Here’s a deer. Here's its steeple. Open it up, and ... Whoa, Mama!
When Doug Laird of Russellville, Missouri, talks about the deer he shot in 2014, pronouns appear to jump the tracks.
“A big buck came through at 9 a.m., about an hour before I normally leave the woods,” he says. “It had a small doe with it, and an 8-pointer was chasing her. The 8-pointer stopped broadside, right in a clearing. I put the crosshairs on him and thought, It ain’t quite big enough. I’ll give him another year or two.
“The big one and the little doe came back through there right before dark,” he continues.
Both deer were in the wide open, and he shot the doe.
“The doe had a little doe with her,” he repeated. “Of course, I thought it was a buck. It was about a 65- or 70-yard shot, and it dropped off in this ditch afterward. I didn’t know if I knocked her in it, or if she just jumped.”
Here’s what happened: Doug saw three deer from his stand that day in Moniteau County. One was the “too-small” 8-point buck to which he gave a pass. The other two were does, including the deer with the bigger rack, the one he shot.
He shot a nearly 200-inch antlered doe, the largest ever recorded. He hopes she’ll be included in three record books: those published by Buckmasters, the Boone and Crockett Club and Guinness.
Few people heard about Doug’s accomplishment until January 2016, when he brought the mounted 15-pointer to the Monster Buck Classic in neighboring Kansas. He wanted to know, for the record, how much she scored.
Doug says he had no idea he’d shot a doe until his taxidermist began gutting it at his shop. When they noticed the deer’s plumbing, they called the Missouri conservation department, which sent someone to photograph it.
The complete lack of male genitalia wasn’t the only jaw-dropper.
“She still had a little milk in her teats,” Doug said. “Or that’s what it looked like. There was definitely some liquid.
“It makes sense. I thought the big buck was chasing a doe, and the little 8-pointer wanted in on it, too. Several days later, I got to thinking about it. And then it dawned on me: That was her baby, the little doe with her. It wasn’t just another doe!” he added.
Doug will always remember that November day. The temperature was in the 30s when he climbed into the ladder stand on a friend’s property before daybreak.
The stand is one of few Doug can climb and from which he feels comfortable shooting. Because he has only one arm – the result of a work-related accident 20 years ago – he can’t shoot without a solid rest, and that stand’s rail offers a good one. Otherwise, he hunts from the ground and rests his gun against trees and limbs.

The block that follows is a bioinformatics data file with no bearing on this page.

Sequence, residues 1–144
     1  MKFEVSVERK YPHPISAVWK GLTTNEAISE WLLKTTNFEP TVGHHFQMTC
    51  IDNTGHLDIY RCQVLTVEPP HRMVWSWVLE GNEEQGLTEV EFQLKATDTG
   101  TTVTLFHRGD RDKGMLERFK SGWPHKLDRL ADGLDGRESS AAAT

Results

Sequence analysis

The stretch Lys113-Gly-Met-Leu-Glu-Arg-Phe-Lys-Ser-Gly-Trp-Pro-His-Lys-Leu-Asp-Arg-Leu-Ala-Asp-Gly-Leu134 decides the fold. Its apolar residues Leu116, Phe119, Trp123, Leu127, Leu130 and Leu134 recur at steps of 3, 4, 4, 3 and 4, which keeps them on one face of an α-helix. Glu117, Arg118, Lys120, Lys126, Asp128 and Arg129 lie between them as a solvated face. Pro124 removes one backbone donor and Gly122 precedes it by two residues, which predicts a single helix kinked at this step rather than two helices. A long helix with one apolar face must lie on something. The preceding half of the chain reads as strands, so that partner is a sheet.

The ladder offers him a view of a gap deer routinely cross to travel from bedding to feeding areas.
The antlered doe and her mostly grown fawn passed through at 9:00, the 8-point buck in tow. The 4x4 might have been chasing one of them.
Doug would’ve shot the antlered doe as soon as he saw her, but he couldn’t get his rifle up and pointed in time. He was ready when the 4x4 stopped, but he decided to let it keep on trucking.
Because the wind direction was perfect that day, Doug decided the same stand was his best shot at getting another chance at the big deer. They’d gone into their bedding area when he saw them that morning. Maybe they’d come out on the same path, he hoped.
“There’s a real thick cedar patch in there, and we figure that’s where the deer pretty much bed down,” he said. “We stay out; don’t want any human scent in there whatsoever.”
The deer read the script.
When the big one and the little doe – its daughter – appeared within 70 yards, Doug’s .243 Remington semiauto was in position. All he had to do was squeeze the trigger.
After the shot, he saw the deer’s head lift above the nearby ditch’s rim a couple of times as if the animal were trying to regain its feet. But he never saw it stand or run. As a precautionary measure, Doug waited an hour before getting down and walking over to where the whitetail had absorbed the bullet.
He was alarmed when not only did he not see his dead deer, but there was also no blood.
Doug’s hunting buddy, the landowner, suggested they wait until the next day to mount a search. There was supposed to be a frost, and he felt tracking would be easier.
They found only a couple of specks of blood the next morning, and then they looked for another two hours before stumbling across the dead 15-pointer. It had traveled a mere 60 yards and fallen in some briars next to a fence it apparently couldn’t jump.
The bullet didn’t exit, which accounts for the lack of a blood trail.
“My friend had walked right by it and didn’t see it,” Doug said.
The landowner has five trail cameras and three food plots on the farm Doug was hunting.
“We never got a picture of her,” Doug said. “We got pictures of the 8-pointer I passed up that day. But where she came from, we don’t know.”
The only clues they had that a sizeable deer might be roaming the tract were three or four huge rubs on cedar trees.
Hunter: Doug Laird
Score: 199 7/8
This article was published in the August 2016 edition of Rack Magazine. Subscribe today to have Rack Magazine delivered to your home. Read Recent RACK Articles:
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